Vertica Dvivedi, Editor, SURFACES REPORTER talks about some of the ‘seeds of change’ that she observed during Milan Design Week 2017. She believes these innovations have the power to transform design thinking of our recent future, and also the way we experience design. Take a look…
Furniture and fitness
Furniture and fitness We saw this few years back too, but this time it came across more strongly. We are becoming more fitness conscious yet have limited time, so a furniture that doubles up as a fitness equipment bridges the gap amazingly for working people. Check our Fitness Furniture by young designer Edmond Wong. His ‘Fit-niture’ collection aims to turn your office/home into a semi-gym where exercise is as important as work. Lux Fitness equipment are not restricted to high-end gyms anymore. Fuoripista by Adriano Design showcased some beautiful fitness equipment made of materials like tempered glass, leather, polished metal which are as functional as they are art.
Beginning of Eastern touch in Office Space
Informal work setups have been becoming prominent in the last few years, but the seating had always been pretty much western style with modern ergonomics. This year, one thing which I found refreshing was workspaces incorporating the eastern style of sitting on the floor and working. Ar. Arash Ahmadi ‘s project Ham-dasti meaning ‘hand-in-hand’ tried to enclose the essence of different cultures and traditions through emotional and symbolic references with his message – ‘Harmony, belonging and sharing for the workspace of future.’
Material Innovation has been one of the many key aspects of Milan Design week that we love each year. This time too, it didn’t disappoint. Just like last year’s socially relevant materials were in trend, we saw the resurgence of Biobased materials by designers across the show. One such collaboration is between Staygreen and robertopamlo + partners. Their collection ‘The paper Anime’ used materials such as cardboard double wave and natural glues derived from the starch of peas.
Another designer Arturo Alvarez creates unique handmade lighting inspired by nature. He even creates his own materials suitable as per his ideas. I love the designer and looking forward to more of his works. Some of his collections like Conversas & Encontrous are mesmerizing.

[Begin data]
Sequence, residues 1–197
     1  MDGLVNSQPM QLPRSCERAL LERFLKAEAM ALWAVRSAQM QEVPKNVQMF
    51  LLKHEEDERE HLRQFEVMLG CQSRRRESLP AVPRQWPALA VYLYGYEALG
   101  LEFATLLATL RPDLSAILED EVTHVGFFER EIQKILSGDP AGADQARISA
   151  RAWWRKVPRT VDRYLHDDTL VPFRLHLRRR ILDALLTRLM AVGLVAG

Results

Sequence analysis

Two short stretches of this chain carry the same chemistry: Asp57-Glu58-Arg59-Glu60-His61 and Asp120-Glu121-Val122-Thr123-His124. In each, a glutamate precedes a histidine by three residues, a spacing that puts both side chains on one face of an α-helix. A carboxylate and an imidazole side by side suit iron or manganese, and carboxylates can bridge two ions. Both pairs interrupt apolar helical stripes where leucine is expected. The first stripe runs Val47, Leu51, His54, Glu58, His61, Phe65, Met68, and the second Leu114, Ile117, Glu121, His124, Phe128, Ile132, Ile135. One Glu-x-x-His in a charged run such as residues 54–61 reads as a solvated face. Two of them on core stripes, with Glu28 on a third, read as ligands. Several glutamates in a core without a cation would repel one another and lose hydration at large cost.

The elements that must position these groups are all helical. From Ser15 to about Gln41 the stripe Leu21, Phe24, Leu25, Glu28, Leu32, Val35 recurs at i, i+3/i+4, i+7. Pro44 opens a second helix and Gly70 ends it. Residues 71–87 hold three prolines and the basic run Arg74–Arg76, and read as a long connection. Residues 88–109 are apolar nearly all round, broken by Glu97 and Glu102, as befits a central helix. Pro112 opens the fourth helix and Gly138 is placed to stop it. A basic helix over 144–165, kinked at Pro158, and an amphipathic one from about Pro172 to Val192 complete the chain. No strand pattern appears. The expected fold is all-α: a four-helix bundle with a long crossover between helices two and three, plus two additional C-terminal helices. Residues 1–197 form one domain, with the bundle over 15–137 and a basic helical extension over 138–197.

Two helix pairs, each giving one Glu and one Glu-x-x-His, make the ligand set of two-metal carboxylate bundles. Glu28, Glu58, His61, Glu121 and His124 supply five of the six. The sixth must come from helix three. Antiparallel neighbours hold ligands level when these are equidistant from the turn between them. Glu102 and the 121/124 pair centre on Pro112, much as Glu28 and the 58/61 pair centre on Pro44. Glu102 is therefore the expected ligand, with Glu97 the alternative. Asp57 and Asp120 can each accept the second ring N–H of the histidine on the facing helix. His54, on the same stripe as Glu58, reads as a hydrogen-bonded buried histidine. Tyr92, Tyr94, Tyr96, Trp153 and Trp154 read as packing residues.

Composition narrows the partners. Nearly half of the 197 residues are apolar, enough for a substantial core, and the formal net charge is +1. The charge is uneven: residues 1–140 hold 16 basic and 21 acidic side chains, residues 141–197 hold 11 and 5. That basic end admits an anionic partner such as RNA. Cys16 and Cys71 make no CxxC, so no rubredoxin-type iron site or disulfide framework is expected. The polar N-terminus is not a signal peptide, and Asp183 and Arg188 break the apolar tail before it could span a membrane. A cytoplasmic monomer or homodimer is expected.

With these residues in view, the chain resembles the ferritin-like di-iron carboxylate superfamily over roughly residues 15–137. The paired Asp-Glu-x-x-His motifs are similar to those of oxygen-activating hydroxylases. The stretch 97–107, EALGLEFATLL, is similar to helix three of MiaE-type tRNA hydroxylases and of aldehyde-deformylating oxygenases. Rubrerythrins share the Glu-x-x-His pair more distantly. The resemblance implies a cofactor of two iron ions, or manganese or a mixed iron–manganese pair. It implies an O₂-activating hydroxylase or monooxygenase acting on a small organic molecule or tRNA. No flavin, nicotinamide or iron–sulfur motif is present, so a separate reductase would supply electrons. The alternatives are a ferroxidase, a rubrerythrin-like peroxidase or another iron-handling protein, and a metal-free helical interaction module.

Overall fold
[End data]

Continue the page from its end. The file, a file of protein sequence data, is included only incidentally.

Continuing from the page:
Lights without a visible source
I I found David Groppi’s lighting design most exuberantly futuristic & artistic yet so simple that you may even miss the magic if not consciously present at the moment. His research into a “light without a source” drove Davide to consider the realization of a project which is invisible, magic and illusive. His ideas realized with Light and few simple materials almost transport a visitor to a world of calm illumination where light speaks and light listens.
I observed textures were utterly pronounced this year. Macro textures, micro engravings, and material on material textures were all over the surfaces. Graphics were more life-like while background colors deviated from toned to subtle with pinches of drama with the addition of fluorescent hues. Though may sound cliché, close to natural rough textures in wood are my personal favorite. I realized I am not easily satisfied while experiencing the rawness. I observe I touch, I change my viewing angles, photograph, discuss, meet the designer, know the materials, understand techniques and many times try to smell. Laughing at self is my new way of having a mini break at work. The look of Snarkitecture’s ‘Paper on Paper’ Topographies Collection for Calicowallpaper is poetic & engrossing. I was particularly intrigued by combinations of aluminum in wood as seen in Nature Design (reminded me of Hilla Shamia’s work), carbon fiber & wood as designed by Strength, and also the Crude Steel and smoked Oak combination as in Woestmann’s furniture pieces.